Forum: Ruby YAML (Yet Another Meaningless Languagepopularitystatisticals

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M. Edward (Ed) Borasky (Guest)
on 2007-03-21 02:47
(Received via mailing list)
I couldn't resist ... anyhow one of my fellow Forth freaks does this
every year. Yes, Ruby is ahead of Forth. But Forth is ahead of Haskell
and Erlang. :)

http://www.complang.tuwien.ac.at/anton/comp.lang-statistics/

--
M. Edward (Ed) Borasky, FBG, AB, PTA, PGS, MS, MNLP, NST, ACMC(P)
http://borasky-research.blogspot.com/

If God had meant for carrots to be eaten cooked, He would have given
rabbits fire.
unknown (Guest)
on 2007-03-21 15:18
(Received via mailing list)
> I couldn't resist ... anyhow one of my fellow Forth freaks does this
> every year. Yes, Ruby is ahead of Forth. But Forth is ahead of Haskell
> and Erlang. :)
>
> http://www.complang.tuwien.ac.at/anton/comp.lang-statistics/

That's really interesting :-) Not so much from a relative point of view
(for me), but more from seeing the different interest profiles of
languages, and how their popularity waxes and wanes. Would be nice to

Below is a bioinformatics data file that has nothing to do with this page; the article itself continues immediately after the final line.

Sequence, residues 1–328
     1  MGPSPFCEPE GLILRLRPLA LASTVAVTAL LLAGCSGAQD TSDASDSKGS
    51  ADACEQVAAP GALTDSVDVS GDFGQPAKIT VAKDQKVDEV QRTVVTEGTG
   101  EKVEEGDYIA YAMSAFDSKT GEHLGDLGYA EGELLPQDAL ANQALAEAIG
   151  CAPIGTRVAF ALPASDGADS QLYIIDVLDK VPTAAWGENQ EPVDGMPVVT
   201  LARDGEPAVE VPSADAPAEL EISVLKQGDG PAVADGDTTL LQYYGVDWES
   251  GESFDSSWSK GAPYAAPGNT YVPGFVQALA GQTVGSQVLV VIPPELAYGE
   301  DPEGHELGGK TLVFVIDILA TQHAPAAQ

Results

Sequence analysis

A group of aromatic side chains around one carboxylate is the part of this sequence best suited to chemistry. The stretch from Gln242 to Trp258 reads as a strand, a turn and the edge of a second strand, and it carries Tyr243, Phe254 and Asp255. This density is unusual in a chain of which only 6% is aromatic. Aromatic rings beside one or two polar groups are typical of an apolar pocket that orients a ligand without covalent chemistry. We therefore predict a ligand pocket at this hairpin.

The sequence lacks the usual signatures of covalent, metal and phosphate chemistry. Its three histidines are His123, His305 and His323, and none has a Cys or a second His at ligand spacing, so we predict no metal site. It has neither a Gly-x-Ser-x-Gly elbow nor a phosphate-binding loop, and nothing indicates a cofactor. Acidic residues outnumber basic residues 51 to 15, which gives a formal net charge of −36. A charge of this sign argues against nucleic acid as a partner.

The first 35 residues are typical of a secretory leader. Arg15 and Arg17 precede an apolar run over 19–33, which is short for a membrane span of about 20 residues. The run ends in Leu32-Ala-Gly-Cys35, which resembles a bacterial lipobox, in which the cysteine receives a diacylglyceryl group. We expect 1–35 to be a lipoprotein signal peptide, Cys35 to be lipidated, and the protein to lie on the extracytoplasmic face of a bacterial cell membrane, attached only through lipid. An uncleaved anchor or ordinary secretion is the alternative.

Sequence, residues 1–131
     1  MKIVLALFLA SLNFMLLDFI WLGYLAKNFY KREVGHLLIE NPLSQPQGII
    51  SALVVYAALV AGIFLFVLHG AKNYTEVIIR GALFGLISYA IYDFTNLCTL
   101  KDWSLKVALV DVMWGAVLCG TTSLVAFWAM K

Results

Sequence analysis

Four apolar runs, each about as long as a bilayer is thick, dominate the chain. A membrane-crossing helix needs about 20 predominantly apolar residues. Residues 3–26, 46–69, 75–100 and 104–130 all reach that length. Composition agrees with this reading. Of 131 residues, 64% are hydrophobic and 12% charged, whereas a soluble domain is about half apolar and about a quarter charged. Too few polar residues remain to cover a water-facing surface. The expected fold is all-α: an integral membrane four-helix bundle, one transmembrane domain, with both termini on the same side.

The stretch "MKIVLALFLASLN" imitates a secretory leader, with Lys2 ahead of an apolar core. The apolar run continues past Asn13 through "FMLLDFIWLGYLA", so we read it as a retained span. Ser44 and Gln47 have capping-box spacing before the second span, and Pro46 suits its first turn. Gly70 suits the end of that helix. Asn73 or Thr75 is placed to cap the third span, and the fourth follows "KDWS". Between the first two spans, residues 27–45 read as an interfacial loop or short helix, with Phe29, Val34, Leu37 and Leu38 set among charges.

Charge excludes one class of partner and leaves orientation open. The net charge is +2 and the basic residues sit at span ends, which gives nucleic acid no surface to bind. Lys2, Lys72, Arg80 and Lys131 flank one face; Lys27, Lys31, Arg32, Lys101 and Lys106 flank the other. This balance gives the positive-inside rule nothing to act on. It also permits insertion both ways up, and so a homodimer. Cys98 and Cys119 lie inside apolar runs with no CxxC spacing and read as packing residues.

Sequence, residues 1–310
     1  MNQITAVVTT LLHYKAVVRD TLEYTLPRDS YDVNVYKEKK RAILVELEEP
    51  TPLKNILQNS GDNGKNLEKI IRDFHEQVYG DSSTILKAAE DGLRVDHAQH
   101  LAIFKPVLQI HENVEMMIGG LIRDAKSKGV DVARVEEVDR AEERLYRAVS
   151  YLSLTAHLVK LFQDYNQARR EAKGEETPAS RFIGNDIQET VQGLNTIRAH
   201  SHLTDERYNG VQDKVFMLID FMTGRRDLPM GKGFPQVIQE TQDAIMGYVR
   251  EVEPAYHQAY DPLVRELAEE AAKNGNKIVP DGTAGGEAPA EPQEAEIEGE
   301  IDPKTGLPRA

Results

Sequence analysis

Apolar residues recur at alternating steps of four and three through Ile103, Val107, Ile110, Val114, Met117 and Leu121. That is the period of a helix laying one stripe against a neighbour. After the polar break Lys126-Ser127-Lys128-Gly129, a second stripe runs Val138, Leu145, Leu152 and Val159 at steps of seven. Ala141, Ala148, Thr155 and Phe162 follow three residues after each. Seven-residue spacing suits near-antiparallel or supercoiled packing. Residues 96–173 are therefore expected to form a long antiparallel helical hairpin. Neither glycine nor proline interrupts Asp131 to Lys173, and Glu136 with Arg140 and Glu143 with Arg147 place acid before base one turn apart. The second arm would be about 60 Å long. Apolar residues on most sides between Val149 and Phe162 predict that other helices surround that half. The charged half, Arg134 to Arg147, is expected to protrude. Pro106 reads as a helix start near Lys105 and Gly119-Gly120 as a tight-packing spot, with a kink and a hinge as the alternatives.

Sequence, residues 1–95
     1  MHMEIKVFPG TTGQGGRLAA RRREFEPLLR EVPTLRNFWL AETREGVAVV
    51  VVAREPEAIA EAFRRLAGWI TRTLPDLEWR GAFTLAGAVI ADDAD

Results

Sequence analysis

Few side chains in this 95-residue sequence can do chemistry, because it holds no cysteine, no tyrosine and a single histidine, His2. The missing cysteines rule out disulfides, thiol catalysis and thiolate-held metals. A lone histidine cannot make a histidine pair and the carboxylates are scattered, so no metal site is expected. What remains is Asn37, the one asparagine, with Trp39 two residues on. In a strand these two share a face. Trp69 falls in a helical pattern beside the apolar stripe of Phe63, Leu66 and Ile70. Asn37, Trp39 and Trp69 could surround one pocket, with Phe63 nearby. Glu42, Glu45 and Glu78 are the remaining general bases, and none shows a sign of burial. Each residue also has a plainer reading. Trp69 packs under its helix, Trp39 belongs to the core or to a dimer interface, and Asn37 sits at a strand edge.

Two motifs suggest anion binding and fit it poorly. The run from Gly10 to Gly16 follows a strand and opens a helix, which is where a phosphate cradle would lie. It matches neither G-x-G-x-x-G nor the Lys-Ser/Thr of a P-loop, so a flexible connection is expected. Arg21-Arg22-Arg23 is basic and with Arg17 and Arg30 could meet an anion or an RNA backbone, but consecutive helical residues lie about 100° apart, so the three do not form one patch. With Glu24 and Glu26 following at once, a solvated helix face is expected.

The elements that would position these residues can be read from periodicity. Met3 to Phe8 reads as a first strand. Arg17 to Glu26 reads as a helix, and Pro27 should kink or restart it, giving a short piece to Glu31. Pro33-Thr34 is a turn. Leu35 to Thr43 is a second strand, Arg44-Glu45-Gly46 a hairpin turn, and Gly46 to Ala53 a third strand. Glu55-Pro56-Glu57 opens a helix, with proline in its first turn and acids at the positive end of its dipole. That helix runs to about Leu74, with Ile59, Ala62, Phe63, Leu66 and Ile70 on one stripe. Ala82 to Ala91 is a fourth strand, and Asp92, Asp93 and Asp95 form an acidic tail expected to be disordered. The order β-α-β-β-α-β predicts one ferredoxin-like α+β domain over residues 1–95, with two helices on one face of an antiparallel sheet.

see them on a graph.

The other stat is how much total usenet postings drop over the period!
M. Edward (Ed) Borasky (Guest)
on 2007-03-21 15:27
(Received via mailing list)
removed_email_address@domain.invalid wrote:
> see them on a graph.
>
> The other stat is how much total usenet postings drop over the period!
>
The other thing I found interesting is that Erlang isn't on any of the
lists. Do they not even have a Usenet group?

--
M. Edward (Ed) Borasky, FBG, AB, PTA, PGS, MS, MNLP, NST, ACMC(P)
http://borasky-research.blogspot.com/

If God had meant for carrots to be eaten cooked, He would have given
rabbits fire.
Chad P. (Guest)
on 2007-03-21 21:40
(Received via mailing list)
On Wed, Mar 21, 2007 at 10:17:14PM +0900, removed_email_address@domain.invalid 
wrote:
>
> The other stat is how much total usenet postings drop over the period!

Actually, I found that the most interesting thing about that page -- the
visible trend in Usenet use across all the listed languages.  The
significant drops in Usenet activity, and the varying cultural
differences between languages with regard to Usenet, all make a Usenet
activity survey an extremely unreliable measure of language popularity
(unless the only population whose interest in various programming
languages you care about is Usenet users).  The movement of various
languages in the Usenet activity rankings could, in combination with a
more universal measure, provide an interesting bit of information about
the cultures of various language communities, though.
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